I was working off the books rehabbing a house for its owner. I was re-adjusting a middle cabinet in the kitchen on a ladder when I fell off and caught the back of my arm and shoulder.
I told the owner and she said "too bad, that's your problem". I have no workers' compensation benefits or health insurance. I am now in a lot of pain and could have serious injuries, but since I don't have insurance I haven't gotten it checked out. The owner of the house has now fired me from the job.
Do I have any recourse?
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ANSWER for "Injured While Working Off the Books...":
You may have legal recourse against the homeowner whether she wants to cooperate or not. You were an "invitee" onto her property. Your type of employment really shouldn't affect your claim against the homeowner. You, like anyone else, were invited onto her property and have a legitimate claim against her (the homeowner) for the injuries you sustained.
One of the good things about homeowners insurance is the lack of a requirement of negligence under the MedPay portion. The sheer action of being injured on someone's property is enough to start the action of compensation for injuries. MedPay coverage is usually between $1,000 to $5,000. If medical bills exceed that amount, you'll have to file a claim and prove negligence.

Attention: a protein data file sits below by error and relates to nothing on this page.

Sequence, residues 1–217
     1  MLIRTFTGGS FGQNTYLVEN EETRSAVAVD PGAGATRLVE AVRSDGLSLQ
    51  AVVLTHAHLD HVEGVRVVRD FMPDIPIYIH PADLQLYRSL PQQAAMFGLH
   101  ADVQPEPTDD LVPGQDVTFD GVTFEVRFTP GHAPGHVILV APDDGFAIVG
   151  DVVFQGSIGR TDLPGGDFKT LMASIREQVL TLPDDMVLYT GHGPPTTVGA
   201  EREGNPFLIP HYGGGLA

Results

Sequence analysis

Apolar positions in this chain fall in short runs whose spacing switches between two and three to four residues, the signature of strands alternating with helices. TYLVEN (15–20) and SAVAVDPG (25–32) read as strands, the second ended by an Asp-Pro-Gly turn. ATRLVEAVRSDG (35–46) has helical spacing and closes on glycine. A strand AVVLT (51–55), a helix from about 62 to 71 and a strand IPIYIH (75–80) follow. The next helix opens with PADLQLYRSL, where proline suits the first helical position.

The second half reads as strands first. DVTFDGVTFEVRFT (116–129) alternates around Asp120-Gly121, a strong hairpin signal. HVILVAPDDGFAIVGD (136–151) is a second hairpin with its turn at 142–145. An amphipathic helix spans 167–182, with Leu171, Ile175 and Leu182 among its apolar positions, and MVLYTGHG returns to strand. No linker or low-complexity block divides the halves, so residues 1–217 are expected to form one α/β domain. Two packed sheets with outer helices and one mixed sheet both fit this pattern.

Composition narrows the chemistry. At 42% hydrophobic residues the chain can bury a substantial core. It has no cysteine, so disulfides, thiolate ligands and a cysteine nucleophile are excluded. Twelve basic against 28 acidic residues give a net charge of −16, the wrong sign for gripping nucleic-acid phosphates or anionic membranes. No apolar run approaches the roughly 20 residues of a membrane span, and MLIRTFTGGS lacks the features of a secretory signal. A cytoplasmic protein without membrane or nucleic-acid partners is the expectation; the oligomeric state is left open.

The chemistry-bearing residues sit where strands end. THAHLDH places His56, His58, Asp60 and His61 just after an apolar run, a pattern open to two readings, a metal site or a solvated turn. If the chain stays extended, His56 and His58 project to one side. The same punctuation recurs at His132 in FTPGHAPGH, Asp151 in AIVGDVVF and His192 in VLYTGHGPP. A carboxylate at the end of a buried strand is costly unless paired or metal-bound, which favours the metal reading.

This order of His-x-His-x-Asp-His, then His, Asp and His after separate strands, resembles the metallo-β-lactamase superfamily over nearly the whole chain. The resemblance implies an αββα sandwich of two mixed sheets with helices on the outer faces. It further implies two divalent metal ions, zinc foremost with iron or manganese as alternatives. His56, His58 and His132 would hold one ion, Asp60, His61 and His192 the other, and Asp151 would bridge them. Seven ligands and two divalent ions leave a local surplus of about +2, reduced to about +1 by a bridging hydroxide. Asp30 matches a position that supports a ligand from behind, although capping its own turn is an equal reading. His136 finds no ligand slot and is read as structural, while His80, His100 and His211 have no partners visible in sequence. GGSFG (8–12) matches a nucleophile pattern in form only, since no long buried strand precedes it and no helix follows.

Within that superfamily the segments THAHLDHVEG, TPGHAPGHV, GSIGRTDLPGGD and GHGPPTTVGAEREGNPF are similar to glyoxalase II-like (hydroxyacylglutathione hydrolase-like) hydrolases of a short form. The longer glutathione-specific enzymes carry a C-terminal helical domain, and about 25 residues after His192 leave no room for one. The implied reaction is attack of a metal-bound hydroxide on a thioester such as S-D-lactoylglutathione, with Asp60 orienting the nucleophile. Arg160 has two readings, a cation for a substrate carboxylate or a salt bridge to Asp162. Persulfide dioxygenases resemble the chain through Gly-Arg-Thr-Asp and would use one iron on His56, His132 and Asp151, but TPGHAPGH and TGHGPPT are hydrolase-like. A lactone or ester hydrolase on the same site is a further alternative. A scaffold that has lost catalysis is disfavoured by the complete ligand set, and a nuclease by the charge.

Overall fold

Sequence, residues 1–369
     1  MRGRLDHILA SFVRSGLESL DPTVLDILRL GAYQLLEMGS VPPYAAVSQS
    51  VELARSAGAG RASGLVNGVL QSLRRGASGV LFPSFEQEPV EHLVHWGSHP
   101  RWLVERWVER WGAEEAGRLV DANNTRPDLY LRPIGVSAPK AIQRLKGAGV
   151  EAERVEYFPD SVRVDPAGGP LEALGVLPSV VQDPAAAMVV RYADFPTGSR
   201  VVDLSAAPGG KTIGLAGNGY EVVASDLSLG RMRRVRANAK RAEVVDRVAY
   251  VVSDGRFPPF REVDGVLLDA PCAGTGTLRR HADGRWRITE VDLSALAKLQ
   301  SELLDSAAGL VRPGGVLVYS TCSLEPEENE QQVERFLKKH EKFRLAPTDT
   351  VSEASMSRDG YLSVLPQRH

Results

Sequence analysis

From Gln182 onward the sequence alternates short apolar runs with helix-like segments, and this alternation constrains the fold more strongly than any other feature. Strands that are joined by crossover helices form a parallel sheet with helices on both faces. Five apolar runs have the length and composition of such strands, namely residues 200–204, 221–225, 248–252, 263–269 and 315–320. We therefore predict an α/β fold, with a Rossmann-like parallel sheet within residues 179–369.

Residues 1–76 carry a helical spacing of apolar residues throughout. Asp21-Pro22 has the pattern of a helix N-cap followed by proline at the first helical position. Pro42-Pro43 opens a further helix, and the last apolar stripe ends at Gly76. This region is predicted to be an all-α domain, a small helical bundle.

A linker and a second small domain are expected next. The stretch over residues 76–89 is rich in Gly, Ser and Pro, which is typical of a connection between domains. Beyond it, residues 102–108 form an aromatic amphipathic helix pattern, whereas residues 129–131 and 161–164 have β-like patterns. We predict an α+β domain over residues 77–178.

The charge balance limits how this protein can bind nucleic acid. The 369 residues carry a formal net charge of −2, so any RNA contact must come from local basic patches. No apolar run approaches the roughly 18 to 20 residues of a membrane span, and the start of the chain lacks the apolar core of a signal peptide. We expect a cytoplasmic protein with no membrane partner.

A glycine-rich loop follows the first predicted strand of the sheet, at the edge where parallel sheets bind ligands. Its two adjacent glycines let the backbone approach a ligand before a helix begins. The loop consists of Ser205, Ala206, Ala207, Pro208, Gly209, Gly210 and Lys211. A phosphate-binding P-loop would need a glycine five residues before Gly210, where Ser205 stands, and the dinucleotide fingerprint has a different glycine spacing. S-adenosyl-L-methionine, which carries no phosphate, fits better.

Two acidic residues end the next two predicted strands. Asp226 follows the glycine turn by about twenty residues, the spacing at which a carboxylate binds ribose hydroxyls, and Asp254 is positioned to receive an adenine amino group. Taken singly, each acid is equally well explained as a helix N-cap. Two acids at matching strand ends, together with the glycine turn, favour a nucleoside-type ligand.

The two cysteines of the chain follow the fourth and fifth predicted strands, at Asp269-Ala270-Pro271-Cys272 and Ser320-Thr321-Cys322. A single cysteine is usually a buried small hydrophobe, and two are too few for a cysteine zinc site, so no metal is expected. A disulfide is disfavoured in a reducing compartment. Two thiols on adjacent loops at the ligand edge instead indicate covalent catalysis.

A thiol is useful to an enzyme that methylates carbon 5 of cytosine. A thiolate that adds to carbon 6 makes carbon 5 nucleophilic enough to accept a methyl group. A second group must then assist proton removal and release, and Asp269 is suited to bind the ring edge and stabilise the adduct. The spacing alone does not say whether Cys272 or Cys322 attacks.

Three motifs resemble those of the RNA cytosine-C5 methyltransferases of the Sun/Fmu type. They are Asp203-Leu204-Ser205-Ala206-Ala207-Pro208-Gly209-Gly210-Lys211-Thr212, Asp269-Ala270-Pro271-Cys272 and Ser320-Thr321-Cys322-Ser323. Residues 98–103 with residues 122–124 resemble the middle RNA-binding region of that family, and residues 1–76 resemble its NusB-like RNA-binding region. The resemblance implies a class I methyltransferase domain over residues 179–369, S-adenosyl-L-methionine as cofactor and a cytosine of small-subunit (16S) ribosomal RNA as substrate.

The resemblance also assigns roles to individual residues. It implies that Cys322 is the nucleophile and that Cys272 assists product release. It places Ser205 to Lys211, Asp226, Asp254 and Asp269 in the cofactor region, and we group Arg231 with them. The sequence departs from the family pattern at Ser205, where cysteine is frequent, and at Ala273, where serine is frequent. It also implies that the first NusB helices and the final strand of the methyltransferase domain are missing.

You have to learn the name of the homeowner's insurance company. Without it you may have to seek legal counsel. Attorneys have subpoena power and during the pre-trial discovery process they may gain access to the homeowners insurance company information.
Once the insurance information is secured you will be on your way to filing a legitimate claim for the injuries you sustained on the woman's property.
The above is general information. Laws change frequently, and across jurisdictions. You should get a personalized case evaluation from an attorney licensed in your state. Find a local attorney to give you a free case review here, or call (888) 647-2490.
The accuracy of information provided on this site is not guaranteed. It is generic information for informal purposes only. It is NOT formal legal advice. Your use of this site does NOT create an attorney-client relationship. Before relying on any information found in this site you should consult with a licensed attorney in your state. If you are currently represented by an attorney, you should strictly abide by his/her counsel.